Germany commits to investing $45 billion to close all of its coal plants by 2038
It will take $45 billion in investment but Germany has come up with a plan to shutdown the country’s 84 coal-fired power plants by 2038. The Los Angeles Times reports that in order to meet its international commitments, a government commission made up of government officials, experts, scientists and industry leaders, agreed on a plan to make Germany a greener place.
“It’s a big moment for climate policy in Germany that could make the country a leader once again in fighting climate change,” said Claudia Kemfert, professor for energy economics at the DIW Berlin, the German Institute for Economic Research. “It’s also an important signal for the world that Germany is again getting serious about climate change: a very big industrial nation that depends so much on coal is switching it off.”
Germany is one of the world’s greatest coal consumers, accounting for 40 percent of the country’s electricity production. A big part of Germany’s coal problem comes not only from their dependence, but the fact that they burn the “dirtiest form of coal,” lignite. Of course, while some news outlets have called the $45 billion a “cost,” or “spending,” the fact of the matter is that according to studies, Germany spends billions on public health costs related to coal every year. Investing in a healthier populace and cleaner energy isn’t an expenditure.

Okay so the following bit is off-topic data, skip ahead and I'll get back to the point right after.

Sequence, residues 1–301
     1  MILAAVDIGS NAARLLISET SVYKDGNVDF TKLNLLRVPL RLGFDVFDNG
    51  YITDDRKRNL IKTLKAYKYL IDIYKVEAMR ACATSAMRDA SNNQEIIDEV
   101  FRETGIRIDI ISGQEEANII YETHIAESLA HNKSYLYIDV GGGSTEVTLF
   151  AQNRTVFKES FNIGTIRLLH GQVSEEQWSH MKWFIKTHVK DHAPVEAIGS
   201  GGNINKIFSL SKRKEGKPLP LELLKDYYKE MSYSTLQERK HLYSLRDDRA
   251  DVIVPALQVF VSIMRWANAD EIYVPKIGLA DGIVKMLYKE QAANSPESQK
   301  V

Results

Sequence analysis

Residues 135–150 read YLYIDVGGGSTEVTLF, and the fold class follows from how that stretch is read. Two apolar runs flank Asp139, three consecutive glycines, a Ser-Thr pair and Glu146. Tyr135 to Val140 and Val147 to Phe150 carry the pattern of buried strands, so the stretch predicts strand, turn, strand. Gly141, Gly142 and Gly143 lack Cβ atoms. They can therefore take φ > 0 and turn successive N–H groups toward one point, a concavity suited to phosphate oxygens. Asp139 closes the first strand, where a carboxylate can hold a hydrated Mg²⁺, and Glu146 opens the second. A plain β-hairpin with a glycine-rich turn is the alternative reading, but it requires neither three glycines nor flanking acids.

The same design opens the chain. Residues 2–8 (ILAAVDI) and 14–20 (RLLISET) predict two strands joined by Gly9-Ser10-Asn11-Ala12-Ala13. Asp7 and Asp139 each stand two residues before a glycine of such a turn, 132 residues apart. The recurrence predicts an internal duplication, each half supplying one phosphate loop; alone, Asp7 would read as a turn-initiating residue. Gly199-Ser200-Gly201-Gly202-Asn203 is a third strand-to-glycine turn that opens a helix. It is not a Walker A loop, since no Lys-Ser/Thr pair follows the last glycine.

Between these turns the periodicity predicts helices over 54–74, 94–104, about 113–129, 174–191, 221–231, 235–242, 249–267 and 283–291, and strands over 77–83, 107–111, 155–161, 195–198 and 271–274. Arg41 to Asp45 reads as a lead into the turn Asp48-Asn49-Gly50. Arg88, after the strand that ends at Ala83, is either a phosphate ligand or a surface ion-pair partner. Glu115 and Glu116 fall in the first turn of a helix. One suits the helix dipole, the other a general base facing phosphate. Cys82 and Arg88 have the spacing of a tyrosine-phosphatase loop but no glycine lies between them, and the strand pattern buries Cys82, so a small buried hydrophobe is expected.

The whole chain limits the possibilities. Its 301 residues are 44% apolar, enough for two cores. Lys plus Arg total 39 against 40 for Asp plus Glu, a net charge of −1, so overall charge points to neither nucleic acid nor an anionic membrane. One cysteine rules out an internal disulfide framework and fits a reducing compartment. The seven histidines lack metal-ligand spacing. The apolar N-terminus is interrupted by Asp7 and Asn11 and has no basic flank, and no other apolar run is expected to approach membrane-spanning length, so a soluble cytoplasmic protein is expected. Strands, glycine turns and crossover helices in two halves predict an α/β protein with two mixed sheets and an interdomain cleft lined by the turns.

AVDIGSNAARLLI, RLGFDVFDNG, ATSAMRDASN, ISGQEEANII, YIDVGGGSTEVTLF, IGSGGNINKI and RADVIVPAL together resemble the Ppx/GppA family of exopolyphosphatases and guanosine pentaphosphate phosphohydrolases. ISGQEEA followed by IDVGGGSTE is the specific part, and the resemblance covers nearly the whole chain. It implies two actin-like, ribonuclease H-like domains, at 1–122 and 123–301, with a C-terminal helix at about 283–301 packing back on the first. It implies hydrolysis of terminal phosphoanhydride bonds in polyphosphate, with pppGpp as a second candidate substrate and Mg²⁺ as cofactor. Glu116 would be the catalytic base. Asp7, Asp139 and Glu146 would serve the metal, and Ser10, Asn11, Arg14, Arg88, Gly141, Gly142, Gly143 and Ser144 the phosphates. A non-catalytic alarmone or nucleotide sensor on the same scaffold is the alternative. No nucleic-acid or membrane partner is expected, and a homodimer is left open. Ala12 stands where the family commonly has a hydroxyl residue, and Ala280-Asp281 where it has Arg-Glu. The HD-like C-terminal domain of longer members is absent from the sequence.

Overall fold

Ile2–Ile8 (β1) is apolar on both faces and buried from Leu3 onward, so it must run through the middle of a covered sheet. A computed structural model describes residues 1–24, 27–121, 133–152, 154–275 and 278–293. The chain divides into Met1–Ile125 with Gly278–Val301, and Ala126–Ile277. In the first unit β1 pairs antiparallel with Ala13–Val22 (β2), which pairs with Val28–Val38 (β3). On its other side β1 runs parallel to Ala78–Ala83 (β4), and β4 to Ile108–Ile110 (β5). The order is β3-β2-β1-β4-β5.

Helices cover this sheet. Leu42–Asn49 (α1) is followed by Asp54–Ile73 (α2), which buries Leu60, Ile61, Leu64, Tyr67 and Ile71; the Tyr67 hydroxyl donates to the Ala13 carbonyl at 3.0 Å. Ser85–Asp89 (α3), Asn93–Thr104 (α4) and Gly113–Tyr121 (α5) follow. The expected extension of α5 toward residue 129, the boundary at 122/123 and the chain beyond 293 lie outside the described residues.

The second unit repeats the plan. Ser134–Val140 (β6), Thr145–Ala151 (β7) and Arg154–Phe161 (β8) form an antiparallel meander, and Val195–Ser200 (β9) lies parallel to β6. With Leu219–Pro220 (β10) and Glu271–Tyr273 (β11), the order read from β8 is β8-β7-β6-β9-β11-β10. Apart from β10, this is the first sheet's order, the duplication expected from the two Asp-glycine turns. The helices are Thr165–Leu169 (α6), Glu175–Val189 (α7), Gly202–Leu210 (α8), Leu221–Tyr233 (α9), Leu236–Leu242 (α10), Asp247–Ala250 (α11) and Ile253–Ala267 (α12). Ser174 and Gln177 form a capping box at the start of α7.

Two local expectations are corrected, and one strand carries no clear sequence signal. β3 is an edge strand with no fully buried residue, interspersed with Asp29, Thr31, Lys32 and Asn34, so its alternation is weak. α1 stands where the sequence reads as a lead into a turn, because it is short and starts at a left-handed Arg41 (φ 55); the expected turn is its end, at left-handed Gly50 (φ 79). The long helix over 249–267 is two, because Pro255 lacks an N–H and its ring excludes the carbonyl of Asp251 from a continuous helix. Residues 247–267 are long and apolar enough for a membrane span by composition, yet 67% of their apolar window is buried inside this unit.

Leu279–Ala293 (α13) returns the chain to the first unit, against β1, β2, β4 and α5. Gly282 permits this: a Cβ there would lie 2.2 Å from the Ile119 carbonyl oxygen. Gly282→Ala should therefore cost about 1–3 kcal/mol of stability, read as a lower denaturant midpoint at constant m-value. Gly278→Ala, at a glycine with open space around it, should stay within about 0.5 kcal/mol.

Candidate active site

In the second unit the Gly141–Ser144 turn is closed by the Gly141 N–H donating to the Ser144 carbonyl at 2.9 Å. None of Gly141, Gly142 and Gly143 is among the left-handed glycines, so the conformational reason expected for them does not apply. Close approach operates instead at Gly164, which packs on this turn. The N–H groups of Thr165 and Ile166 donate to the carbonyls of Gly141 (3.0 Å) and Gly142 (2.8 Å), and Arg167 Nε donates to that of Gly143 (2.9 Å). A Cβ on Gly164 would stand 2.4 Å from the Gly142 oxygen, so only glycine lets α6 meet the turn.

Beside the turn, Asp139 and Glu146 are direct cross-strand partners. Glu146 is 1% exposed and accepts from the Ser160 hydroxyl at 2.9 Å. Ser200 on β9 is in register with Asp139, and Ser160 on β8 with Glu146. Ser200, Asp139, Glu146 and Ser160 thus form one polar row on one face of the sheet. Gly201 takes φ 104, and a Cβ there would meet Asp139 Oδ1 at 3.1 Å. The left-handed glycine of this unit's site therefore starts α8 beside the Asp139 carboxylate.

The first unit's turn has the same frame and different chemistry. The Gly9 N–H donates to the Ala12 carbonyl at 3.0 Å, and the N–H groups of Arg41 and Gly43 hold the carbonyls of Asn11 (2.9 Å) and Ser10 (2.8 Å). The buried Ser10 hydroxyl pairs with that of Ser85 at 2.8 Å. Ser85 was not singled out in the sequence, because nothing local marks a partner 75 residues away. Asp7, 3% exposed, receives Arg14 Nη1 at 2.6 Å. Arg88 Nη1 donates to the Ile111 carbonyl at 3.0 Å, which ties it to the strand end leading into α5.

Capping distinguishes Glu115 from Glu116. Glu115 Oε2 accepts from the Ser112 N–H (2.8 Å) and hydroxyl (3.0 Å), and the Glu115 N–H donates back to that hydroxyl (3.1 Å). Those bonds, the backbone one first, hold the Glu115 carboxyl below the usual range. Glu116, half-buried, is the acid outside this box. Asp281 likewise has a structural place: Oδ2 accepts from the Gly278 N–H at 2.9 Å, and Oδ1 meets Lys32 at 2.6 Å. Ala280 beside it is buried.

This is a big moment for the Earth as Germany is not only one of the worst global CO2 polluters, but they have been an example for some cynics as to why it will be too hard to ween ourselves off of coal in a expedited way. One of the obstacles Germany faced was the closing down and phasing out of their nuclear plant producing plants—the result of green protests and the disaster in Kukushima, Japan back in 2011. Many argued that without the cleaner nuclear option, to “bridge” between coal and greener energy technologies, the costs would be too steep. It would be nice if they could.